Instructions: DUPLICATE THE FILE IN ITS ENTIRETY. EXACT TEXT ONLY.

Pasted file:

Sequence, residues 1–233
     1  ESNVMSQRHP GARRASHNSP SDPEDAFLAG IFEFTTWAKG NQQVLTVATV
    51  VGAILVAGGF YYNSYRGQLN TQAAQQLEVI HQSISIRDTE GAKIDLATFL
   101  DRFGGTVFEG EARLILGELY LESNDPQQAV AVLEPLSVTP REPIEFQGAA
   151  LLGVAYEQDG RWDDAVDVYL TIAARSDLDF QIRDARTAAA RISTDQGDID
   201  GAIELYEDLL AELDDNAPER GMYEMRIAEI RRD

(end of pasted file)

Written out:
Sequence, residues 1–233
     1  ESNVMSQRHP GARRASHNSP SDPEDAFLAG IFEFTTWAKG NQQVLTVATV
    51  VGAILVAGGF YYNSYRGQLN TQAAQQLEVI HQSISIRDTE GAKIDLATFL
   101  DRFGGTVFEG EARLILGELY LESNDPQQAV AVLEPLSVTP REPIEFQGAA
   151  LLGVAYEQDG RWDDAVDVYL TIAARSDLDF QIRDARTAAA RISTDQGDID
   201  GAIELYEDLL AELDDNAPER GMYEMRIAEI RRD